“It will be a tough old haggle, but we’ll get there,” Johnson told Sky News.

“In my experience, the Americans are very tough negotiators indeed,” he said, adding that the U.S. market “is growing very fast for the U.K., but they still ban haggis, for heaven’s sake.”

Johnson also said reaching a post-Brexit deal with the EU will be most important.

“The single biggest deal that we need to do is a free trade agreement with our friends and partners over the Channel.”

Johnson’s comments come a day after John Bolton, U.S. President Donald Trump’s national security adviser, said during a visit to the U.K. that the two countries could broker sector-by-sector deals to reach bilateral agreements “very quickly, very straightforwardly.”

Bolton’s comments have been dismissed by trade experts, who say piecemeal deals based on tariff reductions in one sector would not comply with World Trade Organization rules.

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Counter-terror chief: UK less safe under no-deal Brexit

No amount of preparation can mitigate the security threat of a no-deal Brexit, according to Scotland Yard’s top counter-terror official.

“There are lots of things we can do but they are no way near as good the systems that were developed,” Scotland Yard Assistant Commissioner Neil Basu told the Guardian, referring to the EU’s crime-fighting apparatus.

If the U.K. tumbles out of the EU without a divorce agreement, it could lose priority access to security and border management intelligence through the Schengen Information System II database, as well as passenger name records and European arrest warrants.

“We have done a lot of contingency planning to put things in place. But there are some things you can’t put in place. So there is no contingency planning for not being given passenger name records,” Basu said. “It would create an immediate risk that people could come to this country who were serious offenders, either wanted or still serial and serious offenders committing crimes in this country, and we would not know about it.”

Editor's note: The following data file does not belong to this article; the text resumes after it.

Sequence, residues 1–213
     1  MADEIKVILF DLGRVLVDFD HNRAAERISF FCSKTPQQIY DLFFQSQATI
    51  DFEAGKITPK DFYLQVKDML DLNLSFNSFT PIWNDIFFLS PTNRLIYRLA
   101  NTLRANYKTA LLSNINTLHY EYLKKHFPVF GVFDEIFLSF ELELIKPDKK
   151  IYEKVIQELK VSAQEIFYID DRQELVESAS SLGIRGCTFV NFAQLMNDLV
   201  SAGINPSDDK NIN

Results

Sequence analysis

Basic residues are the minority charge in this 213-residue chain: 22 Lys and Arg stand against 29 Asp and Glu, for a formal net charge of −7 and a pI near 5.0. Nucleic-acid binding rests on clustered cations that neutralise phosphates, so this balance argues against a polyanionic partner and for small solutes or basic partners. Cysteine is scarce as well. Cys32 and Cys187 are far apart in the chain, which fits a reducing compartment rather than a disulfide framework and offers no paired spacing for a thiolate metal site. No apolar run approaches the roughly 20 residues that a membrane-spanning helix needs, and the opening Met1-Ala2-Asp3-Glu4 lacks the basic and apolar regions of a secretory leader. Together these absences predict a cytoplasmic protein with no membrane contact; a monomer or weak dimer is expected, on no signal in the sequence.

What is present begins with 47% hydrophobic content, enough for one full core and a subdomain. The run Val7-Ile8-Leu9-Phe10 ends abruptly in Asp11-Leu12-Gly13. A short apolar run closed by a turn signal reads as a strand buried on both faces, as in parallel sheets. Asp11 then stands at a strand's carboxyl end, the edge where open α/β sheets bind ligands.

He added: “There would be some damage to our safety. I can’t put a scale on that.”

If Britain leaves the bloc without a deal, it could take years for suspects to be returned under the 1957 European convention on extradition, in contrast with the six weeks it takes using a European arrest warrant.

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Nicola Sturgeon: We would join Labour in ‘progressive’ anti-Tory alliance

Scottish First Minister Nicola Sturgeon said U.K. Labour Party leader Jeremy Corbyn will be partly responsible if the U.K. crashes out of the EU without a deal.

But she won’t rule out siding with the opposition party to oust the Conservatives in a general election.

“I’m no great fan of Jeremy Corbyn,” she told the Guardian in an interview. “If we do crash out without a deal, he will bear almost as much responsibility as Theresa May or Boris Johnson. I can’t see the SNP [her Scottish National Party] going into formal coalition with Labour.”

Nevertheless, she said the SNP would be open to “some kind of progressive alliance that could lock the Tories out of government.”

Sturgeon clarified that any future arrangement would not be “a blank check type scenario.”

“We would want Jeremy Corbyn to take a very firm anti-Brexit position. We would look to do what was right for Scotland.”

Sturgeon’s comments come after her acrimonious meeting with U.K. Prime Minister Boris Johnson in Scotland last week. While Johnson, a Brexiteer, has pledged to leave the EU with or without a deal on October 31, Sturgeon has been fiercely critical of Brexit, especially a no-deal scenario, saying it would be “catastrophic” for Scotland.

“I don’t think it will be surprising to anyone to hear me say that I wasn’t absolutely thrilled to be welcoming Boris Johnson as prime minister,” she said, adding she wants a second Scottish independence referendum by 2021.